Genres:

Drama | Musical | Romance

Motion Picture Rating (MPAA)

Rated PG-13 for sexual content and smoking | See all certifications »

Parents Guide:

View content advisory »
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Details

Country:

UK | USA

Language:

English | Italian | French

Release Date:

25 December 2009 (USA) See more »

Also Known As:

Untitled Rob Marshall Project See more »

Filming Locations:

Italy See more »

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Box Office

Budget:

$80,000,000 (estimated)

Opening Weekend:

£44,443 (United Kingdom), 20 December 2009, Limited Release

Opening Weekend USA:

$257,232, 20 December 2009, Limited Release

Gross USA:

$19,664,021, 7 March 2010
See more on IMDbPro »

Company Credits

Show more on IMDbPro »

Technical Specs

Runtime:

Sound Mix:

Dolby Digital | DTS | Dolby SR | SDDS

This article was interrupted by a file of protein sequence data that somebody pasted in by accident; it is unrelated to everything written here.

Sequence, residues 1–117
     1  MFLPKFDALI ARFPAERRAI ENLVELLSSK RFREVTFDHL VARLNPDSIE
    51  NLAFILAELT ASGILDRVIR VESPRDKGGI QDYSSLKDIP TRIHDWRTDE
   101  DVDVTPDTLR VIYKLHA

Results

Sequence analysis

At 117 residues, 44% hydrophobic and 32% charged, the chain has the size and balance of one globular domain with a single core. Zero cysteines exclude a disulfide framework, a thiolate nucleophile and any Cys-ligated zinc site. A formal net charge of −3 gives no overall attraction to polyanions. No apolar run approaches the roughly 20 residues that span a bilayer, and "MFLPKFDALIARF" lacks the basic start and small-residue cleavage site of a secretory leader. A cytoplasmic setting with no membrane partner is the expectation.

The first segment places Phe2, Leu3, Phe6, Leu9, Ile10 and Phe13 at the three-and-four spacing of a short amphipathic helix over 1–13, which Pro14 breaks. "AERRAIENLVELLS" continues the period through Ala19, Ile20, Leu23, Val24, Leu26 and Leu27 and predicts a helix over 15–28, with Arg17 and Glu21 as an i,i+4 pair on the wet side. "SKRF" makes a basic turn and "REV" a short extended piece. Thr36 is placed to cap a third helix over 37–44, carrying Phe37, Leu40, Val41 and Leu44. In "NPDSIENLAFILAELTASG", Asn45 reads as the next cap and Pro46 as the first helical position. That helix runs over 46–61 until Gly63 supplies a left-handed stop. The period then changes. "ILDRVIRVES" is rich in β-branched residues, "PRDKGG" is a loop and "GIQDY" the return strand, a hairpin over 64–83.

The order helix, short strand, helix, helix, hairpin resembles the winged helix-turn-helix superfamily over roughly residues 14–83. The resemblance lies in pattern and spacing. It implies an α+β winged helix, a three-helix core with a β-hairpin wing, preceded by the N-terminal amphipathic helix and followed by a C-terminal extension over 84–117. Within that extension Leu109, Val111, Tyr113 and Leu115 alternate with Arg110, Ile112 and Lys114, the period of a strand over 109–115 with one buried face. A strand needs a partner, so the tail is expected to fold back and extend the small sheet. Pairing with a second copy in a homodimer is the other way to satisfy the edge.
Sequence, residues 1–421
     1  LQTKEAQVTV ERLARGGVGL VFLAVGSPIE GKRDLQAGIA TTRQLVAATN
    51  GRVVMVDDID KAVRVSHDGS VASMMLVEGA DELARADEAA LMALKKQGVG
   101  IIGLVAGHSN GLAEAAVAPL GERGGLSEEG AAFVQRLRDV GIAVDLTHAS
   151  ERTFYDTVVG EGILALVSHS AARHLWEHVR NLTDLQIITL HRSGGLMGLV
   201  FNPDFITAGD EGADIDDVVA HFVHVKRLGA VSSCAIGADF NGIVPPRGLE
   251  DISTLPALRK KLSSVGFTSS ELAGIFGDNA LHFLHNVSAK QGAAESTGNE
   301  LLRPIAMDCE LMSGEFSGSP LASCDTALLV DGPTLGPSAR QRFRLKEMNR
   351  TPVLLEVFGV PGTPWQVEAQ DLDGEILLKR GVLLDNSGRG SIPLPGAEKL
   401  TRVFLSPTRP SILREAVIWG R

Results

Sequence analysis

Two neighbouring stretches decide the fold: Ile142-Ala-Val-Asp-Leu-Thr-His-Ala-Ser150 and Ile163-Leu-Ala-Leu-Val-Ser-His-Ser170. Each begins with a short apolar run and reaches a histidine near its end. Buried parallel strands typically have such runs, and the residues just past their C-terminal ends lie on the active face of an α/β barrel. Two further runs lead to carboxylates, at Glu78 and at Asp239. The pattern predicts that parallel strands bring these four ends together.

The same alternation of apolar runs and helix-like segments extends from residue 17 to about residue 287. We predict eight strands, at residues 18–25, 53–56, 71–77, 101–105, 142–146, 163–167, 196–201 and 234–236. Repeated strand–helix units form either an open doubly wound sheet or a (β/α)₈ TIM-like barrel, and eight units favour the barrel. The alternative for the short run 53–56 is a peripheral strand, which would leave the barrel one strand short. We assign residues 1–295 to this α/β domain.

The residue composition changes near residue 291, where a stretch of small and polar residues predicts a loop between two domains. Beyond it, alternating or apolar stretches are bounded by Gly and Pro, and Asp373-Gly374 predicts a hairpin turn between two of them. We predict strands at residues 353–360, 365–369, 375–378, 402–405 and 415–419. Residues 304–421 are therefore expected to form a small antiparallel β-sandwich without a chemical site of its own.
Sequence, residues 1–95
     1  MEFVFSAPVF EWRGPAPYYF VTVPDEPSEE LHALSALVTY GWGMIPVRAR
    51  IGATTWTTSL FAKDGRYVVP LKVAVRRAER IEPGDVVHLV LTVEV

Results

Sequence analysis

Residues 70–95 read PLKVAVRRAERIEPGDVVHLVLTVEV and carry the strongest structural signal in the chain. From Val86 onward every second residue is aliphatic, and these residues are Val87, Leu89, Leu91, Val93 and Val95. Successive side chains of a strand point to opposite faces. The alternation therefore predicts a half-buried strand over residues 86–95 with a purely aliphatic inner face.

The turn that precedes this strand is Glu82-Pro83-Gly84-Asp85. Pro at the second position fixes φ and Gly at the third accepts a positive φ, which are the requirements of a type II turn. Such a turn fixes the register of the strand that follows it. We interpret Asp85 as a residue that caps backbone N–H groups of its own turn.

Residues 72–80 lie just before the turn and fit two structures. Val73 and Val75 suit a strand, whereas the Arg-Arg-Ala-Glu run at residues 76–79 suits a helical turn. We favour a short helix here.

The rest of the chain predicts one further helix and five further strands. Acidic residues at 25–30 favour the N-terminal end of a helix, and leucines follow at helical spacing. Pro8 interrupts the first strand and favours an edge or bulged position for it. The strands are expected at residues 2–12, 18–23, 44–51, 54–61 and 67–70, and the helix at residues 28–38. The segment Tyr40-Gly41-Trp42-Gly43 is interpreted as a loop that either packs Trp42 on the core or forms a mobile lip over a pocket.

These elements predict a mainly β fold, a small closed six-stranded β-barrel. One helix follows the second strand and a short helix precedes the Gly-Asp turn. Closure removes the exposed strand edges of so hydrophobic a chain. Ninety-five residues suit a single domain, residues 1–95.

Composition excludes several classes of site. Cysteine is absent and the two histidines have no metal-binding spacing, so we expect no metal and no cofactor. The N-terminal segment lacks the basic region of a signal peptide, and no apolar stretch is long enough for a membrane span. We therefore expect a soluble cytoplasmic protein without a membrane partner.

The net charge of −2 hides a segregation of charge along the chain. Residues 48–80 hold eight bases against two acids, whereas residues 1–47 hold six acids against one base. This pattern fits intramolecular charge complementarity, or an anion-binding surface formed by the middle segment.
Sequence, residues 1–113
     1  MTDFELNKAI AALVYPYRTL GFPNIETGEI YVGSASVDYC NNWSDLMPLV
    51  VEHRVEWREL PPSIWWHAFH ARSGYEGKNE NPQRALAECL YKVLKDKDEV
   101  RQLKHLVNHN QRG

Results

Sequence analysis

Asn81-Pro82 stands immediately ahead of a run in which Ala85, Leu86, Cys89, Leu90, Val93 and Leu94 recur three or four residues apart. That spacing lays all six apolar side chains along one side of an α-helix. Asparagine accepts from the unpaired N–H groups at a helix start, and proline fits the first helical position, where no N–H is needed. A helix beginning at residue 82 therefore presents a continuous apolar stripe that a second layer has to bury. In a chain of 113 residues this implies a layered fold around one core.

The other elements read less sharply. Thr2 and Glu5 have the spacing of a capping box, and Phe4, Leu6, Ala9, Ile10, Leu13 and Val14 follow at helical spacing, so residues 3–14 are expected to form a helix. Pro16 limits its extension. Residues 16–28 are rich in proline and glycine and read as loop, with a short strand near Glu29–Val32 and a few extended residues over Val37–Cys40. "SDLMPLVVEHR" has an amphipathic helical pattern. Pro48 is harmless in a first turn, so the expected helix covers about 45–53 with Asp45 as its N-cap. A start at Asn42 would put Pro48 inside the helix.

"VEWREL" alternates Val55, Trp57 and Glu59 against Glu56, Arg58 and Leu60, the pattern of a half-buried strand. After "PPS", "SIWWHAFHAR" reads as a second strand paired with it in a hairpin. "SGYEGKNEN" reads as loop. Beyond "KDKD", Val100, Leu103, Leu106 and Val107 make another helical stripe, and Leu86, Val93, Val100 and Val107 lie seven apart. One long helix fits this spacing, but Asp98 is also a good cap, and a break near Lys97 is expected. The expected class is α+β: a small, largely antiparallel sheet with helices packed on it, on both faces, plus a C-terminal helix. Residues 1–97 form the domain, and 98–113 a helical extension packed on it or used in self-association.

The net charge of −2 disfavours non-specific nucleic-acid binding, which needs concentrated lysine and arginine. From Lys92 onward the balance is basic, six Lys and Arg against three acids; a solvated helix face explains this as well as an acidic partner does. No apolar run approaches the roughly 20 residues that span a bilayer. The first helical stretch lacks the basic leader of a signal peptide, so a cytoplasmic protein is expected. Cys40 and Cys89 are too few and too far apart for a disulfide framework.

Aspect Ratio:

2.35 : 1
See full technical specs »
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Did You Know?

Trivia

When Carla meets Guido at the train station, she says that she stayed at the hotel with her parents during the war, and there were a lot of Germans there. This references the song "The Germans at the Spa" which was in the play, but not used in the film. See more »

Quotes

Luisa Contini: Thank you.
Guido Contini: What for?
Luisa Contini: Thank you for reminding me I'm not special. You don't even see what you do to me. Even the moments I think are ours, it's just... you working to get what you want.
See more »

Connections

Featured in The Tonight Show with Jay Leno: Episode #21.192 (2013) See more »

Soundtracks

I Can't Make This Movie
Written by Maury Yeston
Performed by Daniel Day-Lewis